Wednesday, April 20, 2011

"The Jackpot and the Damage Done"

I’m an unprincipled, unscrupulous, amoral, hypocrite with less integrity than Colonel Gadaffi. And that’s just what my friends are saying. See, I’m the cad who did the Clubs Australia ad, the one designed to fight the government’s plan to introduce a pre-commitment plan to play pokies. It’s a hard rap to defend, but let me have a crack at putting my side and trying to set a couple of things straight, at least as far as the charge of hypocrisy goes.

Case for the prosecution: “It’s wrong for an actor to do an ad supporting an industry whose machines cause misery and hardship for gambling addicts and their families. More damning is the defendant’s double-standard in doing such an ad, given that in the past he has written and spoken out against poker machines”. Fair enough, to a degree. But to describe me as a “strident anti-pokies campaigner”, as Crikey’s Andrew Crook* has, is a bit of a stretch. As evidence of my anti-gambling stridency, Crook sites a Heckler column I wrote for the Sydney Morning Herald a few years ago which was principally about how businesses are morphing into other businesses^ – i.e. post offices have become tacky two-dollar shops; newsagents flog Lotto and Scratchies to such an extent it’s hard to buy a bloody paper. I ended the piece by envisaging Centrelink offices morphing into a Centrelink Bar and Pokies chain where punters could have their welfare direct debited straight into their favourite machine. A satirical jape stretched for comic effect, yes, but hardly evidence of a red-ragging “anti-pokies campaigner”.

To be fair, I don’t doubt I’ve written and said other negative things about pokies in the past. It would be surprising if I hadn’t. Over ten years of doing radio, first on Triple-J, then ABC 702 , I wrote and performed hundreds of poems, rants, monologues and sketches lampooning pollies of every stripe, as well as every other target under the sun ripe for a satiric salvo, including that hoary old clichĂ© “Ordinary Australians”, a phrase which I once dissected in a poem, and now utter, without irony, as an actor in the Clubs Australia ad.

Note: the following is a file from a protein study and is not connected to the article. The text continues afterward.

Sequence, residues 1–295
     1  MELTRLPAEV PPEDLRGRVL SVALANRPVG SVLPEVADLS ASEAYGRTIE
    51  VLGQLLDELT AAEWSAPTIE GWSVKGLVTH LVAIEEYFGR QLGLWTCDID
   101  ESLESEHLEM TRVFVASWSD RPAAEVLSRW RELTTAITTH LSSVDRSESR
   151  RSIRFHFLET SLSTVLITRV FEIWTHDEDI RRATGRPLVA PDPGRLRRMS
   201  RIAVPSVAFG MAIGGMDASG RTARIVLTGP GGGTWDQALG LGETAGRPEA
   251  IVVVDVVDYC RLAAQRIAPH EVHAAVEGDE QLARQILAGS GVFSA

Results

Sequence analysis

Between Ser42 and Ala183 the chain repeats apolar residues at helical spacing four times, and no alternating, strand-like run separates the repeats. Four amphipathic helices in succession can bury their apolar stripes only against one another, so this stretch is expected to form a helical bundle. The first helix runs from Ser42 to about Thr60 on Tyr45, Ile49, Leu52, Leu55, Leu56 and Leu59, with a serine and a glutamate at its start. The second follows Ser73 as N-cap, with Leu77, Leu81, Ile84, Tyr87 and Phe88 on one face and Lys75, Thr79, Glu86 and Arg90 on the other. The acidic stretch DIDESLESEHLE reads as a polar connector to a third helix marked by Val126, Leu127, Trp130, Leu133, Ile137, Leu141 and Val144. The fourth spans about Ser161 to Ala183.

As further evidence of my nefarious double standards, Crook points out that I myself have a gambling history and quotes me talking about it in a Radio National program, “The Deal”, broadcast in March this year, which was about the very same time I was shooting the Clubs Australia ad. Oh, damnable villain! Yet Crook neglects to point out that the program was a repeat, and that “The Deal” was originally broadcast in November 2005. Sure, at the time I was going through a phase of blowing too much on pokies, but I’ve been pretty much untroubled by them ever since.

The late American comic Bill Hicks is dear to me. As well savaging Republicans, shock jocks and the religious right, he vented spleen upon anyone who would stoop to do a tv commercial, particularly rich celebrities who didn’t need the money. But he did make an exception for struggling young actors. Sorry Bill, I’m not young. But my living is pretty much a peripatetic hand-to-mouth affair (violins please, folks). I’d love to say I’ve nobly dedicated my life to working in disaster zones, and in a way I have. I perform in schools, as well as doing the occasional ad. Any peak of recognition I had was a blip on the radio radar years ago. If I’m still known and remembered it’s in a circle the size of a dot. The point being: I’m not famous. I was a voice on radio, not a face on tv. I’m not recognisable and I’m not a big name lending credence to a product, and if I was a big name why the hell would I bother doing ads? I’m an anonymous actor, a cipher, a blank slate, and as an actor I’m under no more obligation to believe in what I’m plugging in an ad than I would be to condone the behaviour I portrayed in the role of a wife-beater or rapist.

Okay, call my arguments sophistry and decry my lack of integrity. Yes, credibility would be nice, but it’s a luxury a self-unemployed performer with a family can’t afford.

*Crikey piece

^Heckler piece

Daily Telegraph piece